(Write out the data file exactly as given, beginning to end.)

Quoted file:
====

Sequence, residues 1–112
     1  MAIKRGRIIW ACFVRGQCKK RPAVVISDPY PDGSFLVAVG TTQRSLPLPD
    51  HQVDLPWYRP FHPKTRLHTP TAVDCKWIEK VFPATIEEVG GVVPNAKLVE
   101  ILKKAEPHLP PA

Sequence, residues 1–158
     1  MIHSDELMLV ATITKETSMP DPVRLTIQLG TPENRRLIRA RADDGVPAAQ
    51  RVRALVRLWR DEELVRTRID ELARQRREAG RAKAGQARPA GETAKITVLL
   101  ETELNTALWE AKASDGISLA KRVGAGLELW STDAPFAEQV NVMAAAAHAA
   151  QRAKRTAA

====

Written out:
Sequence, residues 1–112
     1  MAIKRGRIIW ACFVRGQCKK RPAVVISDPY PDGSFLVAVG TTQRSLPLPD
    51  HQVDLPWYRP FHPKTRLHTP TAVDCKWIEK VFPATIEEVG GVVPNAKLVE
   101  ILKKAEPHLP PA

Sequence, residues 1–158
     1  MIHSDELMLV ATITKETSMP DPVRLTIQLG TPENRRLIRA RADDGVPAAQ
    51  RVRALVRLWR DEELVRTRID ELARQRREAG RAKAGQARPA GETAKITVLL
   101  ETELNTALWE AKASDGISLA KRVGAGLELW STDAPFAEQV NVMAAAAHAA
   151  QRAKRTAA